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  • Provenance

    Gift of the artist
    François Hugo, Aix-en-Provence
    By descent to the present owner

  • Literature

    Claire Siaud and Pierre Hugo, Bijoux d'artistes: Hommage à François Hugo, Orfève, Aix-en-Provence, 2001, no. 1428 (illustration of another example p. 170)
    Douglas Cooper, Picasso, 19 plats en argent par François et Pierre Hugo, Paris, 1977
    Georges Bloch, Pablo Picasso: Catalogue de l'oeuvre gravé céramique, 1949-1971, vol. III, Bern, 1972, no. 107 (ceramic version illustrated)
    Alain Ramié, Picasso, Catalogue of the Edited Ceramic Works, 1947-1971, Madoura, 1988, no. 333-34 (ceramic version illustrated)

  • Catalogue Essay

    The idea to execute a set of plates in silver came about one day in May 1956. Having just received a new group of ceramics from the Madoura studio, Picasso remarked to his friend, the art historian and collector, Douglas Cooper "the objects themselves gradually directed our thoughts and conversation towards the opulently chased gold and silver platters and dishes of the 16th and 17th centuries, made in France, or Augsburg or Venice, many of which were designed by famous artists. A few moments later Picasso interjected that he himself had thought how splendid his own platters would look if they were carried out in silver". Douglas Cooper, Picasso: 19 plats en argent par François and Pierre Hugo, exh. cat., London, 1977.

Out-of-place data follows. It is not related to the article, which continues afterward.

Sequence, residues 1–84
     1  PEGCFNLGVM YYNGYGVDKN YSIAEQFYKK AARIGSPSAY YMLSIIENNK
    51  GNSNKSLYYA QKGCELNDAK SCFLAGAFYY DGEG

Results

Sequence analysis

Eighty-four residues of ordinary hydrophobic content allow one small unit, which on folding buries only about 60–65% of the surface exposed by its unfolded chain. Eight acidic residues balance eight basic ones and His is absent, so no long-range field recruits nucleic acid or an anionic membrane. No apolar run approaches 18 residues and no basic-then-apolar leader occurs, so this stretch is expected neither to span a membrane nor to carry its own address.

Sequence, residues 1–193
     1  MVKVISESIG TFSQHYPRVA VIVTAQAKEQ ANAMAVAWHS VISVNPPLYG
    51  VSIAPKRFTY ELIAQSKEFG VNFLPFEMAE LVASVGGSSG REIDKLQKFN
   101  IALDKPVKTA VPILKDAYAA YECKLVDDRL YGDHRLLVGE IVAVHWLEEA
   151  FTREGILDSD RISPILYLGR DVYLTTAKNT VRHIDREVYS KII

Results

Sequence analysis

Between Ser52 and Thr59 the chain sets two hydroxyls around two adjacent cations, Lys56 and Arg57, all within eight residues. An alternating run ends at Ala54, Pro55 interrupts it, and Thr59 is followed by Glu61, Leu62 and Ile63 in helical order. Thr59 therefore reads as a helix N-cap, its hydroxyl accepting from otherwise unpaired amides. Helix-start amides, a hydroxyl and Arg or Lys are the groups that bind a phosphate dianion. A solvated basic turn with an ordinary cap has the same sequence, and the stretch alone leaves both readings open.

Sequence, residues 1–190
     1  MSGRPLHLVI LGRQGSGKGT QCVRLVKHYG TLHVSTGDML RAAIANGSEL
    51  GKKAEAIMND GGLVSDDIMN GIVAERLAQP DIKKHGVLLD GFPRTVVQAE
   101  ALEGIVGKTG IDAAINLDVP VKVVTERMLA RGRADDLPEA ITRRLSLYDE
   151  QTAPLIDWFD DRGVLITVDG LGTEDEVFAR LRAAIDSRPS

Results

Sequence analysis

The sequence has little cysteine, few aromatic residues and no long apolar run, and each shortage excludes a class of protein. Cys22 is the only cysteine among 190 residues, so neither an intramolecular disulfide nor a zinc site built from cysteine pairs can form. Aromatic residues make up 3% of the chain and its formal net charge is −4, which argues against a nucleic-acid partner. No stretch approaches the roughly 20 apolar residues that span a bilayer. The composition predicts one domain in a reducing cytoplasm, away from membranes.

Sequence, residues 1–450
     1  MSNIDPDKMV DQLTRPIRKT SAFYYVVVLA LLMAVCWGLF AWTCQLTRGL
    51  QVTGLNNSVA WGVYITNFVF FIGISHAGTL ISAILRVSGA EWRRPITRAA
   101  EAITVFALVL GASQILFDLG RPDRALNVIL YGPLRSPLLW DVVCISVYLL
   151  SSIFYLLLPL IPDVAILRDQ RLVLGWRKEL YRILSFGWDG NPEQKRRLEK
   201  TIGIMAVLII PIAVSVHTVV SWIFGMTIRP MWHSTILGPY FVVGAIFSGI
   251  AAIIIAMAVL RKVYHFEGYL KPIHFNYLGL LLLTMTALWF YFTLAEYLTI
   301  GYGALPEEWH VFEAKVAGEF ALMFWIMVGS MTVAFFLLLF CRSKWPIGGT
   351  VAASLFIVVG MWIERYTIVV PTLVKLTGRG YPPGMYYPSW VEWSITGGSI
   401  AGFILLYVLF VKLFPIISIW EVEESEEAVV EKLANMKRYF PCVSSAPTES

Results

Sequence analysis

Picasso did not know anyone who could undertake the project so Cooper proposed that he enlist the silversmiths François and Pierre Hugo. Picasso turned over a series 24 ceramic of biscuit platters to the Hugos who used them to make molds. He chose examples with strong sculpting and gauging of the image, and interesting textures where he had used mesh, wicker or cardboard on the surface. Using these molds, the Hugos carefully hammered thin sheets of silver to capture every nuance of the form and texture. This meticulous repoussé technique and the use of precious metal recall the work of traditional craftsmen, as Picasso had wanted. In 1967, Picasso authorized the Hugos to produce 19 of these plates in small numbered editions of 20 and a few different proofs.

  • Artist Biography

    Pablo Picasso

    Spanish • 1881 - 1973

    One of the most dominant and influential artists of the 20th century, Pablo Picasso was a master of endless reinvention. While significantly contributing to the movements of Surrealism, Neoclassicism and Expressionism, he is best known for pioneering the groundbreaking movement of Cubism alongside fellow artist Georges Braque in the 1910s. In his practice, he drew on African and Iberian visual culture as well as the developments in the fast-changing world around him.

    Throughout his long and prolific career, the Spanish-born artist consistently pushed the boundaries of art to new extremes. Picasso's oeuvre is famously characterized by a radical diversity of styles, ranging from his early forays in Cubism to his Classical Period and his later more gestural expressionist work, and a diverse array of media including printmaking, drawing, ceramics and sculpture as well as theater sets and costumes designs. 

    View More Works

18

Jacqueline au chevalet (Jacqueline at the Easel)

1956
Repoussé silver plate, contained in the original wooden presentation box with red velvet lining.
diameter 17 7/8 in. (45.4 cm)
Impressed 'Picasso' and numbered 'H.C 3/6' on the reverse (an hors commerce made for the artist, the edition was 20, 2 artist's proofs and 2 author's proofs), with the French assay marks for silver and the silversmith's mark and registration numbers '1428' and '4515' impressed on the underside, executed by Atelier François and Pierre Hugo, Paris, 1967, with a certificate of authenticity from Pierre Hugo.

Estimate
$30,000 - 50,000 

Sold for $37,800

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Editions Modern: Online Auction

Online Auction 4 - 11 December  2020